Why Steve Nash is skipping the Warriors ring ceremony

Samantha Pell
Steve Nash is a part-time consultant for Golden State. (AP)

Steve Nash never got a championship ring during his 18-year NBA career as a player.

It was only until last season when he earned his first ring — as a player development consultant with the Golden State Warriors. Only thing is, Nash doesn’t want to be part of the Warriors’ televised ring ceremony scheduled for Tuesday night, according to Marc Stein of the New York Times.

Stein reported that despite Warriors’ general manager Bob Myers and Warriors’ vice president of communications Raymond Ridder telling the eight-time All-Star he would be getting a championship ring, Nash would rather “stay in the background” for the actual ceremony.

“This is their moment,” Nash told Stein in a phone interview. “I couldn’t be happier to be part of a championship team and, more importantly, this championship culture.

“But when you’ve played 18 years in the NBA and you win it all as a consultant, it doesn’t feel right to do anything but stay in the background. I don’t want to disrespect anything or upset anyone, but I don’t feel like it’s my place to be there.”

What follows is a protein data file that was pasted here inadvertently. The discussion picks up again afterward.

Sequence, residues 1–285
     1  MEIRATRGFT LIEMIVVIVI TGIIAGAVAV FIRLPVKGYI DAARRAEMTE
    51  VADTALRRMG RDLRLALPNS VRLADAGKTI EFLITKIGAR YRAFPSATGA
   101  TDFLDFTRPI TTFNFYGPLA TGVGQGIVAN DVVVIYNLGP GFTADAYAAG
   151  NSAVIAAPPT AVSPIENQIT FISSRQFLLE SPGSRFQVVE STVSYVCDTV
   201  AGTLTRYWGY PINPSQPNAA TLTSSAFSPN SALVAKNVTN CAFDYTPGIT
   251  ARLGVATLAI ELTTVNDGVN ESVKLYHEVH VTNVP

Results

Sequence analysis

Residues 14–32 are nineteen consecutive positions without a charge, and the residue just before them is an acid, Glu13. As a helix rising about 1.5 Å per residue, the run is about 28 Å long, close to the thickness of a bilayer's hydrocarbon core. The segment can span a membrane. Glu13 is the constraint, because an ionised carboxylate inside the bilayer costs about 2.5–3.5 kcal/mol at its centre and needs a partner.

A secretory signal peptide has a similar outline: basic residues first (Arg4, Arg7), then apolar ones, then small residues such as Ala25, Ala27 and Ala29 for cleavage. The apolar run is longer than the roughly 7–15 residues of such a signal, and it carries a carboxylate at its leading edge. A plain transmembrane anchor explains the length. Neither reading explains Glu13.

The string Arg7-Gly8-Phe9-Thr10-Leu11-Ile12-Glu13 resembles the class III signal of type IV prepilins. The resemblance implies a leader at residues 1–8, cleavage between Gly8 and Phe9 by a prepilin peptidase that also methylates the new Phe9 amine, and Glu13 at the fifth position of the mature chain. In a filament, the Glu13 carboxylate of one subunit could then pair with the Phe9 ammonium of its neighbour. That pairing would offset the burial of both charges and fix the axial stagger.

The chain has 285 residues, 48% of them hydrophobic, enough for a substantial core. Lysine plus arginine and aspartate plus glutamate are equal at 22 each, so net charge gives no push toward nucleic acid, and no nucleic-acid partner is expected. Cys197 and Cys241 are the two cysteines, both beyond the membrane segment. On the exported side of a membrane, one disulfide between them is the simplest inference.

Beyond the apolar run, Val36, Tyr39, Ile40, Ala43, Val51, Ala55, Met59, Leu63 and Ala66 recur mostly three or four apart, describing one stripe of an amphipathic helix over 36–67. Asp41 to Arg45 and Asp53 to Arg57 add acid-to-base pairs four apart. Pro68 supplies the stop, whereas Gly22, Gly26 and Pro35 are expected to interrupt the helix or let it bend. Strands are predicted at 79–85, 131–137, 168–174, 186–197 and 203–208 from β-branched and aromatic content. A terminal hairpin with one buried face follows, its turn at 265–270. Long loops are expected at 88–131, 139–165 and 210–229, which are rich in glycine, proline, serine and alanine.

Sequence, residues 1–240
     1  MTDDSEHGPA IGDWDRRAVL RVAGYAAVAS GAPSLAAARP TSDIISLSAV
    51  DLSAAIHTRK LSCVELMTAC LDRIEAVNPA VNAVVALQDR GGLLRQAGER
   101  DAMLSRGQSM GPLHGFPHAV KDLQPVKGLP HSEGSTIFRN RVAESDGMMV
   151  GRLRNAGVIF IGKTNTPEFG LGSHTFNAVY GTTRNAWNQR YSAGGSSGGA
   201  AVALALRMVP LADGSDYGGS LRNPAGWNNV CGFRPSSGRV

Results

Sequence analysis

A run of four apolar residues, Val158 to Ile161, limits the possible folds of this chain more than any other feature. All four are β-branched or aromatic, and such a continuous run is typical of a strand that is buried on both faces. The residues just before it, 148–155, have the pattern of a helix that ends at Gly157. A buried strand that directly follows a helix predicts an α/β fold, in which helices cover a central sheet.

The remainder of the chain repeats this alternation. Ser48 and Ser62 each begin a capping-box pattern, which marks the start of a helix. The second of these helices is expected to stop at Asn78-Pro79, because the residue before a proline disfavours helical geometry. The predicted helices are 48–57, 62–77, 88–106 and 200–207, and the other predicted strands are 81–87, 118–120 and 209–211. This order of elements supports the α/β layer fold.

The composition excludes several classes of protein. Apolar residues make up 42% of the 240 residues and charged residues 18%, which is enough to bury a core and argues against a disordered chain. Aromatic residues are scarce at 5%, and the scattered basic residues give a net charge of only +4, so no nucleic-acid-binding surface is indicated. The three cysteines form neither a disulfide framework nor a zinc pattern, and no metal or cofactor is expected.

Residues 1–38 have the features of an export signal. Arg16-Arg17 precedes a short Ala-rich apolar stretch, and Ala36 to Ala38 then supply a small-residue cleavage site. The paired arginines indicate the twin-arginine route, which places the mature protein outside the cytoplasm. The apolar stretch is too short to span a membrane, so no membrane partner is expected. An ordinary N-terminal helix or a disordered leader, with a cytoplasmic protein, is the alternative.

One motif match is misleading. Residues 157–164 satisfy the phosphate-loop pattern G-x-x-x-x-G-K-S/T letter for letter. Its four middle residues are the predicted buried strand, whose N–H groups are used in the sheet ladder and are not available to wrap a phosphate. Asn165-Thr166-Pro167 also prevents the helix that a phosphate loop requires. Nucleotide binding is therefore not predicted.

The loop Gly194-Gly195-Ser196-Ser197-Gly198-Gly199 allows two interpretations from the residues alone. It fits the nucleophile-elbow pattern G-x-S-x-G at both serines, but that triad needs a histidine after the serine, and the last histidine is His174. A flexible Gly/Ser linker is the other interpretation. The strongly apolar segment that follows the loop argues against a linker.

Nash, who won two MVP awards with the Phoenix Suns, never even made it to the NBA Finals, but Warriors coach Steve Kerr told Stein that he understood Nash’s decision and wasn’t at all surprised.

“I don’t think Steve, for one second, looks back on his career and thinks, ‘Oh, my God, I didn’t win a ring,’” Kerr told Stein. “He has such great work-life balance. John Stockton’s the same. Charles Barkley’s the same. Is there any happier guy out there than Barkley? You can tell he’s having so much fun on TV.”

Kerr went onto say that the fans and media tend to “overrate” the whole ring ceremony in general and looking at his career against Nash’s, he would choose the latter.

“I would trade my career for Nash’s in a heartbeat,” Kerr said. “Would I want to be a role player on championship teams or be a superstar like Steve was and dominate games and seasons?

Nash has a respectable, upstanding point about not wanting to take any limelight away from the Warriors during the ceremony, but after an incredible career as a player, the least Nash deserves is that small acknowledgment of his accomplishments. After all, who would really be upset? If Nash helped the Warriors in any way to get a ring, people should celebrate his rightful place at the ceremony.